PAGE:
The Third Part of the Pilgrim's Progress

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The Third Part of the Pilgrim's Progress is a pseudepigraphic sequel to John Bunyan's The Pilgrim's Progress, written by an anonymous author. It was published in editions of Bunyan's work from 1693 to 1852, and presents the pilgrimage of Tender-Conscience and his companions. In the 19th century it was bowdlerized to omit a few sexual situations and allusions.

Quotes[edit]

from the 1792 edition, unless otherwise noted.
  • ...as Tender-consicence went along, an old man met him along the way, whose names was Carnal-security, and he spoke to Tender-conscience... Intemperance... was the wife of Carnal-security. ...these two had built this palace to inveigle pilgrims, and seduce them out of their way, to the heavenly country: as the palace called Bountiful was built for the relief, comfort, and direction of pilgrims in their journey. But poor Tender-conscience knew nothing of all this. He that had so lately escaped the snare that Spiritual-pride had laid for him, was now caught in the gins of Carnal-security.
  • ...fasting was a duty often practised by the people of God, and by holy men under the law of Moses. And the gospel recommends it, from the beginning to the end, by the examples of Christ and John the Baptist, of Peter, Paul, and the rest of the apostles, as well as by their counsels and exhortations; nothing is more frequently inculcated than this duty of fasting, throughout the writings of the New Testament: And without all doubt, it is now as requisite as ever it was, since we are liable to the same infirmities, exposed to the same temptations, and beset with the same dangers as former Christians were; against all which evils fasting is proper remedy. Fasting mortifies the body, and tames concupiscence; it quenches lust, and kindles devotion; it is the handmaiden of prayer, and the nurse of meditation; it refines the understanding. subdues the passions, regulates the will, and sublimates the whole man to a more spiritual state of life: 'this the life of the angels, the enamel of the soul, the greatest advantage of religion, the best opportunity for retirements of devotion. While the smoke of carnal appetites is suppressed and distinguished, the heart breaks forth with holy fire, til it be burning like cherubim, and the most ecstasied order of pure and undiluted spirits. These are the proper and genuine effects of religious and frequent fasting, as they can witness who make it their practice.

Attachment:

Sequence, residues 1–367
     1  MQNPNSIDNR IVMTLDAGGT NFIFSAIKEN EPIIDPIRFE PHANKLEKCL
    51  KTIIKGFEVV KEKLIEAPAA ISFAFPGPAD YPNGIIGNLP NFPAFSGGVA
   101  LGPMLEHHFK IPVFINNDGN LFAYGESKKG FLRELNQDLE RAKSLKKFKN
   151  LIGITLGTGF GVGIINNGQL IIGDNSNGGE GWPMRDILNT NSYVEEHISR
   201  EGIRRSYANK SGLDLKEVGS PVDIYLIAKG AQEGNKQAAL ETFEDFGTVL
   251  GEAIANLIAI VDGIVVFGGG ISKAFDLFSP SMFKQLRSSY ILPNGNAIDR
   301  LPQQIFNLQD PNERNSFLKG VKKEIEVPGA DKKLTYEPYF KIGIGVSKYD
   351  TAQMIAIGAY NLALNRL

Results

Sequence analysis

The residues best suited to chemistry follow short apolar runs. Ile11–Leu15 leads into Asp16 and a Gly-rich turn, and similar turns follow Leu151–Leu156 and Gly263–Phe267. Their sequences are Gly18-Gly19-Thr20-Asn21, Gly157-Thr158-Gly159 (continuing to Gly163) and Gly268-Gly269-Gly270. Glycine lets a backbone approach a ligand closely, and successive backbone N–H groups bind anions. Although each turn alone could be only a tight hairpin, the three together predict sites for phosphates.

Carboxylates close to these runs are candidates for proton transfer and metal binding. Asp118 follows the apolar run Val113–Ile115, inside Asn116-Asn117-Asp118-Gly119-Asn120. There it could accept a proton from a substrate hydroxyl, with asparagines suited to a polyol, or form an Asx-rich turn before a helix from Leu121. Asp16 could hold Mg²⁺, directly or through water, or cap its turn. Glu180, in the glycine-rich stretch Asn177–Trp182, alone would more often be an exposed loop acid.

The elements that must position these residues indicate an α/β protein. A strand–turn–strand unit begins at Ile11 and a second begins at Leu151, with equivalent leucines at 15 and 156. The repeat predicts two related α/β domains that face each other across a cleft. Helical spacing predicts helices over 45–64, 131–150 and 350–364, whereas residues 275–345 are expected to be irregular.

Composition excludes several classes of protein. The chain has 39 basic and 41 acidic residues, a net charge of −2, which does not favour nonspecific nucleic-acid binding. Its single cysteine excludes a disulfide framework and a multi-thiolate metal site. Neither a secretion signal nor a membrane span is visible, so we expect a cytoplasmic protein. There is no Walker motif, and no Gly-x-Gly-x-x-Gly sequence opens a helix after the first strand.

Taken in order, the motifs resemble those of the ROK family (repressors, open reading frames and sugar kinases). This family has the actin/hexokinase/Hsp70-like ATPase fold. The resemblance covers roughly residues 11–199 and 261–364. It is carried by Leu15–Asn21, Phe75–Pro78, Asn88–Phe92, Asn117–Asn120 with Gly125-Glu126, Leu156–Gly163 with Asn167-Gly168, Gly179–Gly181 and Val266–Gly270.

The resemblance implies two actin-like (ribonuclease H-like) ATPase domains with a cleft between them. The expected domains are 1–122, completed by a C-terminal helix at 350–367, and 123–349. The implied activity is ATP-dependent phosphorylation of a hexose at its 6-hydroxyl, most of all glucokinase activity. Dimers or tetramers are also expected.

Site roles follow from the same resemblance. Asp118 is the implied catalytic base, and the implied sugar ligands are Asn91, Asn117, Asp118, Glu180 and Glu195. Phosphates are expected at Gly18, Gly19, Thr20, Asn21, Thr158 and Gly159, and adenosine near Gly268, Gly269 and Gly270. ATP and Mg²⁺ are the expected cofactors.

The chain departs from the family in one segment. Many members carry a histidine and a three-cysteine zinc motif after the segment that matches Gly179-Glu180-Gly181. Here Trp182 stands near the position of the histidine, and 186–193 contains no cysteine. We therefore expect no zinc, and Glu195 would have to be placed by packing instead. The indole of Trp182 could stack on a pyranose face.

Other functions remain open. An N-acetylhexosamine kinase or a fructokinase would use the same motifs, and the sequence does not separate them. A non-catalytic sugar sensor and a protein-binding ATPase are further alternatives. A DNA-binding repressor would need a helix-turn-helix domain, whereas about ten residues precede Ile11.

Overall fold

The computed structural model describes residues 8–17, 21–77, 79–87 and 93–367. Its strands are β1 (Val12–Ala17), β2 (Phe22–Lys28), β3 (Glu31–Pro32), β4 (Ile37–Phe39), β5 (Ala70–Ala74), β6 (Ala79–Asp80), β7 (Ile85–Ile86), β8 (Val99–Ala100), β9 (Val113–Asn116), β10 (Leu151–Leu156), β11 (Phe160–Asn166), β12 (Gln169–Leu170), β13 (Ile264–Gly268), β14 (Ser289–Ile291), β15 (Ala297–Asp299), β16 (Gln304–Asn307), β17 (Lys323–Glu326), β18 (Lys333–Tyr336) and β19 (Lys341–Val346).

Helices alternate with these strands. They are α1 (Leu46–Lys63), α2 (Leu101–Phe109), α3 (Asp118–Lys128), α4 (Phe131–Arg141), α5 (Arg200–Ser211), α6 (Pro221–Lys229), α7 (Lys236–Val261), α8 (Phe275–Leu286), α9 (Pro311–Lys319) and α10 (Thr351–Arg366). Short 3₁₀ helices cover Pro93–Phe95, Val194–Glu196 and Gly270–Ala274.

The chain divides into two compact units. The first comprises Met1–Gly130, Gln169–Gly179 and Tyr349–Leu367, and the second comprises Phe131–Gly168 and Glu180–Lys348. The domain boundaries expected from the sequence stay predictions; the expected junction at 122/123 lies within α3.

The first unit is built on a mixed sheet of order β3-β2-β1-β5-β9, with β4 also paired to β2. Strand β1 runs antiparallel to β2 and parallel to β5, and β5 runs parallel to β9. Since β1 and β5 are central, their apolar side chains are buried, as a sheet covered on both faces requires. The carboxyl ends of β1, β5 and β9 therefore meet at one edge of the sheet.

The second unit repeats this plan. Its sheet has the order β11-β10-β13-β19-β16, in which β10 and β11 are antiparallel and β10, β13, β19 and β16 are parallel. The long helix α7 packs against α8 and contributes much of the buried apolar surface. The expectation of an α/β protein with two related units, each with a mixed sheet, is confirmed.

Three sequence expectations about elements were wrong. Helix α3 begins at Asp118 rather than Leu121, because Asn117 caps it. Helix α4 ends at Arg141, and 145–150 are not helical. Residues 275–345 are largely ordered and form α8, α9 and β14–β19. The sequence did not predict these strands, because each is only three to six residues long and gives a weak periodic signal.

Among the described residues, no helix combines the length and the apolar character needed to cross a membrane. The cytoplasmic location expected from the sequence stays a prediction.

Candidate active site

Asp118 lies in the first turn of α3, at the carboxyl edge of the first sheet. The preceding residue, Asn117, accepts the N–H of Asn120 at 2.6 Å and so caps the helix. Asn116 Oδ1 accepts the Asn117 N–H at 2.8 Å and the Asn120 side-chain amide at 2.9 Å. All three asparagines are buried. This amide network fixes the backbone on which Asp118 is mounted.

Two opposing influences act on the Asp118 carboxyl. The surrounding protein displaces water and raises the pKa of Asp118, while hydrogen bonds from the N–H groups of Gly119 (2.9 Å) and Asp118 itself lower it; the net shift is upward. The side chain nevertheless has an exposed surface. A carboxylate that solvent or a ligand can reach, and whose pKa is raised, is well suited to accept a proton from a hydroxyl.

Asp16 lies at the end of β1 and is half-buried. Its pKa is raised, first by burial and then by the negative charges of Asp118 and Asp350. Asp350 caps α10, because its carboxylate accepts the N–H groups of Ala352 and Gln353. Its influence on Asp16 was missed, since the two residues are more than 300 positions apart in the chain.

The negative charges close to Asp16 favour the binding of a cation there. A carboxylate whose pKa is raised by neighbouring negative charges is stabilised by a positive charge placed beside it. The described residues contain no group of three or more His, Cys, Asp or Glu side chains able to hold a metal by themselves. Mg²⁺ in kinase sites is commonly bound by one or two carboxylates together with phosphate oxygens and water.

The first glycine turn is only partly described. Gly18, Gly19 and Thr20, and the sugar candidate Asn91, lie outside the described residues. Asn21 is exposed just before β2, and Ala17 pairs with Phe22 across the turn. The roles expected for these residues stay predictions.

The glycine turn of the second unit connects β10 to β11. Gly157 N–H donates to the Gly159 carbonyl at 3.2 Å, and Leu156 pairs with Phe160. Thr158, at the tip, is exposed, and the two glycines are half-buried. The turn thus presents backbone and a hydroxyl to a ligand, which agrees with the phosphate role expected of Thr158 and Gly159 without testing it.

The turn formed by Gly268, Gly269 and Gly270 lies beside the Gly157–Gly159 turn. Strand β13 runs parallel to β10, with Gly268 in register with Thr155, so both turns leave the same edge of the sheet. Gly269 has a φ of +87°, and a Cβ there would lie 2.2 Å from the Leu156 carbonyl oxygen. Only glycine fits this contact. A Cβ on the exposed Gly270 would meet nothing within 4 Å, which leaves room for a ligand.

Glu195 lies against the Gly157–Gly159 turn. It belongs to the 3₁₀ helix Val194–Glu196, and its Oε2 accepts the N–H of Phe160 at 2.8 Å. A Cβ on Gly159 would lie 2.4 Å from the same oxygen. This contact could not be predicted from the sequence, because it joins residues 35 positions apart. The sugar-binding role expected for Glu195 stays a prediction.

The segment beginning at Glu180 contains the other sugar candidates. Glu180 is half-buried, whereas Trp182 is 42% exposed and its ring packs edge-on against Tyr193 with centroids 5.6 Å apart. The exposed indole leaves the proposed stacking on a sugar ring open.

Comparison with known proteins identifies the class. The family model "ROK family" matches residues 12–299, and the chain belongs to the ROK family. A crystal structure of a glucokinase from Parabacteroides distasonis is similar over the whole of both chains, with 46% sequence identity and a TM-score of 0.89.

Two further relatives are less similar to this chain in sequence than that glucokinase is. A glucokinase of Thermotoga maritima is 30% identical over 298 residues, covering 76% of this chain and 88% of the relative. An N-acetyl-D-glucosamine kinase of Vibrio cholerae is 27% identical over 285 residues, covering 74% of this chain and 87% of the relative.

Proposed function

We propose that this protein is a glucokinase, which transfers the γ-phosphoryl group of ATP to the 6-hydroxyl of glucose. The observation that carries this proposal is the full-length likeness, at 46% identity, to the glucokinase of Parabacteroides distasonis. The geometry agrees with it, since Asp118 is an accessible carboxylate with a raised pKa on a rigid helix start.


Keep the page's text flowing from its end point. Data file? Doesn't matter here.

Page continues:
• This set of planks was called the bridge of Self-denial, and it reached quite over the valley of Humiliation. ...the air was all hung full of nets, and traps, and gins, which were placed so low that a man could not walk upright, but he must be caught in some of them; these were planted here by the prince of the power of the air, to catch such pilgrims in as were high minded, and walked with stretched outs necks...
  • ...crawled he along, til he was almost got over, when he saw several boats making towards him... in the boats there were men... who hallooed and called after Tender-conscience; but he regarded them not... and... kept on his pace; but they rowed hard after him and shot several arrows at him... Now the names of these men that shot at Tender-conscience so fiercely were Worldly-honour, Arrogancy, Pride, Self-conceit, Vain-glory, and Shame...
  • Much pain and hardship I have undergone:
    yet still my God has mingled sweet and sour,
    Oft-times he smil'd when he did seem to low'r
    ...
    The humble pilgrim Satan ne'er beguiles
    Humility the soul's sure refuge is,
    The lowest step that leads to highest bliss.
    • Tender-conscience went on singing
  • God hath endowed us with different faculties, suitable and proportionable to the different objects that engage them. We discover sensible things by our senses, rational things by our reason, things intellectual by understanding; but divine and celestial things he has reserved for the exercise of our faith, which is a kind of divine and superior sense in the soul. Our reason and understanding may at some times snatch a glimpse, but cannot take a steady and adequate prospect of things so far above their reach and sphere. Thus, by the help of natural reason, I may know there is a God, the first cause and original of all things; but his essence, attributes, and will, are hid within the veil of inaccessible light, and cannot be discerned by us but through faith in his divine revelation. He that walks without this light, walks in darkness, though he may strike out some faint and glimmering sparkles of his own. And he that, out of the gross and wooden dictates of his natural reason, carves out a religion to himself, is but a more refined idolater than those who worship stocks and stones, hammering an idol out of his fancy, and adoring the works of his own imagination. For this reason God is nowhere said to be jealous, but upon the account of his worship.

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